|Hiroshima, Aug. 6, 1945|
So what will a hot world look like, especially here in the Puget Sound region? Well, check out this video built around a news conference put on by Washington’s Department of Ecology July 30 in Seattle for your answer:
So what will a hot world look like, especially here in the Puget Sound region? Well, check out this video built around a news conference put on by Washington’s Department of Ecology July 30 in Seattle for your answer. Jake Ellison reports. (SeattlePI.Com) See also: Jellyfish boom prompts research by plane and boat Biologists with NOAA and the Department of Ecology are teaming up by plane and boat to track a jellyfish boom in Puget Sound. Alison Morrow reports. (KING)
New blog: Heat and Drought. Is This The New Northwest?
"Some summer: Consecutive days of record high temperatures, little rain and low river runoff, rising water temperatures in rivers and Puget Sound... You staying or planning to leave?…. "
Clean Power Plan and our proposed coal terminal
The fate of the coal industry is uncertain at best, due to multiple factors. Oversupply in both coal markets — the kind used to make steel and the kind used to fire electricity plants — has depressed prices and deeply wounded coal companies’ bottom lines. Internationally, major coal users in Asia are trying to give an advantage to domestic mines by reducing exports from suppliers in Australia and Indonesia, not to mention the more far-flung ports in Canada and the U.S. Coal demand in China, the No. 1 coal user in the world, is down for environmental reasons — to improve urban air quality and reduce carbon emissions. In the U.S. we have the Obama administration’s Clean Power Plan, which sets the stage for reducing carbon output 32 percent by 2030. Ralph Schwartz recaps. (Bellingham Herald)
Kinder Morgan’s Trans Mountain expansion plan faces renewed opposition as crude oil price drops
As the National Energy Board (NEB) gears up to hear final arguments on Aug. 24 into its embattled review of the proposed Kinder Morgan Trans Mountain Pipeline expansion, opposition is mounting as the price of oil drops, making the project less attractive. Local economists say that, barring a major war in the Middle East directly impacting top oil producers like Saudi Arabia, Canada’s oilsands might be in for a prolonged period of lower crude prices. Brian Morton reports. (Vancouver Sun)
Feds Release Draft Environmental Review Of Oregon LNG Project
Oregon LNG’s $6 billion terminal and pipeline project would cause adverse impacts to the environment, a draft environmental review has found, but most could be reduced if the energy company takes steps to minimize harm to fish and wildlife habitat and water quality, and uses adequate safety features in design and operation. The Federal Energy Regulatory Commission, which released the draft review this week, is still completing an assessment of how the project might impact threatened or endangered species and critical habitat. But the draft is an important benchmark in the decade-long drive for the project, which involves a terminal along the Skipanon Peninsula in Warrenton and an 87-mile pipeline from Washington state through Columbia, Tillamook and Clatsop counties. Derrick DePledge reports. (Daily Astorian)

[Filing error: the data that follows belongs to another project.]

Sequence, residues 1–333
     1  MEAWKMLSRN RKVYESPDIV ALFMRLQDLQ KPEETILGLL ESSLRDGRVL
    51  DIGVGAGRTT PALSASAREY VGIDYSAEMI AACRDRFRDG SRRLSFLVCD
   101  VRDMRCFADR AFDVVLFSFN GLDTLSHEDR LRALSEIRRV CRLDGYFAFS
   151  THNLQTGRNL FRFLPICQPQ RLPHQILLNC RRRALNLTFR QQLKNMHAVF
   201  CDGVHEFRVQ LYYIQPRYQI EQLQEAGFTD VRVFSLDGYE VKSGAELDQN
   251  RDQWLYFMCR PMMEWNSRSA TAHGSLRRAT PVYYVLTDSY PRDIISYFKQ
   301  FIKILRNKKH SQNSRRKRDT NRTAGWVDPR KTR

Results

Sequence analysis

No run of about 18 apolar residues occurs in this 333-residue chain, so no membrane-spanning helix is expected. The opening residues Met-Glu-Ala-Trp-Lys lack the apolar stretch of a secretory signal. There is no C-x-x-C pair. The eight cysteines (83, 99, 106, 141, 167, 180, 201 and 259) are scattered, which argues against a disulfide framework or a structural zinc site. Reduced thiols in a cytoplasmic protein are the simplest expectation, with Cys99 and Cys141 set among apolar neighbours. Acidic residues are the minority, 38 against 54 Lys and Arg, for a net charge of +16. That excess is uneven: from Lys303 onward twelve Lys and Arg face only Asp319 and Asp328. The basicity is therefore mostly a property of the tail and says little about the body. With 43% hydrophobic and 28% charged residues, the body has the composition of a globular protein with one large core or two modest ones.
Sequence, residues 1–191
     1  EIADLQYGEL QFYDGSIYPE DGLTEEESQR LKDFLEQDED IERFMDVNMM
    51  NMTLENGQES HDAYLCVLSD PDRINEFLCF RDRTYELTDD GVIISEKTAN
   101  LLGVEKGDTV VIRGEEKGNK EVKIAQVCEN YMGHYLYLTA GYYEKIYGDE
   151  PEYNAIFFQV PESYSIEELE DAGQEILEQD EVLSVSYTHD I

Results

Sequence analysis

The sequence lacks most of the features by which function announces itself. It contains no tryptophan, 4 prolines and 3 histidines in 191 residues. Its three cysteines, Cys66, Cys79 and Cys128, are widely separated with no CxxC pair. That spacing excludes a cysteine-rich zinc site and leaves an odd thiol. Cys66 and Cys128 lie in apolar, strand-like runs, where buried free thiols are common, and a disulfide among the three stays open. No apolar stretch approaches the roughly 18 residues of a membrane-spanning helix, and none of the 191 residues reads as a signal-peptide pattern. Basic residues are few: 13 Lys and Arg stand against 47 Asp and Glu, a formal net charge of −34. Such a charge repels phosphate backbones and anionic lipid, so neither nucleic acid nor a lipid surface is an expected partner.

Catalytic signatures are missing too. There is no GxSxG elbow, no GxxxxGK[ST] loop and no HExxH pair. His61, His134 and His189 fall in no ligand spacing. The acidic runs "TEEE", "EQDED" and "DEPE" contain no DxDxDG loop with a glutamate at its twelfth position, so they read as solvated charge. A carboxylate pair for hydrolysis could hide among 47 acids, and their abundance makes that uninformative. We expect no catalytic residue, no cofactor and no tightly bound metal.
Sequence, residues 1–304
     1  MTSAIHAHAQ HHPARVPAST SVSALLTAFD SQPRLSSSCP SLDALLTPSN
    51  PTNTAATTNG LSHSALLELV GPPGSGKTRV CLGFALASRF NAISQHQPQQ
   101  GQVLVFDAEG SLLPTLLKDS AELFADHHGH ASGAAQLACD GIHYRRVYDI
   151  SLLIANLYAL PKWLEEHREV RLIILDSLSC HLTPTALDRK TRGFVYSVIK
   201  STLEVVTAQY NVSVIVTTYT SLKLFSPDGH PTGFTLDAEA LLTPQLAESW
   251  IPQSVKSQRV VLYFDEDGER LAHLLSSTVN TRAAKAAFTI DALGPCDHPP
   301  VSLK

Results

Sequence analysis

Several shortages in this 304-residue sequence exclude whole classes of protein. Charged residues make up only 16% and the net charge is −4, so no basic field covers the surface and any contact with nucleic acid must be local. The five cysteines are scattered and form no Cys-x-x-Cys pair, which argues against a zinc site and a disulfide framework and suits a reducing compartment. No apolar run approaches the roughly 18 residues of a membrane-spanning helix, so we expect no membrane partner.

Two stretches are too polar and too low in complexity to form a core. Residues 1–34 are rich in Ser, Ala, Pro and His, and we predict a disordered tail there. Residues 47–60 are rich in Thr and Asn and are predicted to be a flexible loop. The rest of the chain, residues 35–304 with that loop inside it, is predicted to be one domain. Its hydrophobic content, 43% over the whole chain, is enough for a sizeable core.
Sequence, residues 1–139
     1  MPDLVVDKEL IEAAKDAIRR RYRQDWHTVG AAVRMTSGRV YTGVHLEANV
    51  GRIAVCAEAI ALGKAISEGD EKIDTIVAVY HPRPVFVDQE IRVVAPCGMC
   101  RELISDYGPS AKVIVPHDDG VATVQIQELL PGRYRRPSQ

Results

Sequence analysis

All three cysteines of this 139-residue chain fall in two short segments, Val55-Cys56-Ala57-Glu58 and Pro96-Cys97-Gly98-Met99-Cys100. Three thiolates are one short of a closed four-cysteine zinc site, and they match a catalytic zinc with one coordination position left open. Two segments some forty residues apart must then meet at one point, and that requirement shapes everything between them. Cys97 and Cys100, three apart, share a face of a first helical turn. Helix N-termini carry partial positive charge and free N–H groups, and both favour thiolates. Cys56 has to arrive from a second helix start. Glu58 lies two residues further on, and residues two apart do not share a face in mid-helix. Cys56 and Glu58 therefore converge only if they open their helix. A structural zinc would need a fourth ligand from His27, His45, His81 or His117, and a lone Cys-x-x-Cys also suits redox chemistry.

Good news, bad news for Puget Sound orcas and salmon
What has been a great year for whale watching got an extra wave of excitement last week when transient orcas came into Guemes Channel, mingling with boats off the Anacortes shoreline. “They’ve been wandering all over all summer. It’s a banner year for transients,” whale expert Ken Balcomb said. “The transients are booming. Their population is probably growing at about 6 percent per year, which is better than the stock market.” It also appears to be a good year for the southern resident orca population as the Center for Whale Research’s annual summer census tally of 81 whales — including four calves — is up from 78 last year. But Balcomb, the executive director of the Center for Whale Research, cautions the excitement may not last. Kimberly Cauvel reports. (Skagit Valley Herald)
Poor salmon run could have ‘devastating’ effects on B.C. wildlife
B.C.’s bald eagle population has already had a rough year, and it could turn into a catastrophic one if dire predictions about the fall salmon runs come true. Scientists have warned that our hot and dry summer has caused unusually warm river temperatures, which means many fish could either avoid returning to their home waters to spawn, or die trying to make the journey. Bald eagles depend upon the carcasses of spawned salmon to fill their bellies for six months of the year, according to wildlife biologist David Hancock. Bethany Lindsay reports. (Vancouver Sun)
Now, your tug weather--
WEST ENTRANCE U.S. WATERS STRAIT OF JUAN DE FUCA- 232 AM PDT THU AUG 6 2015
W WIND TO 10 KT. WIND WAVES 1 FT OR LESS. W SWELL 3 FT AT 8 SECONDS.
NW WIND 5 TO 15 KT. WIND WAVES 1 OR 2 FT. W SWELL 3 FT AT 9 SECONDS.
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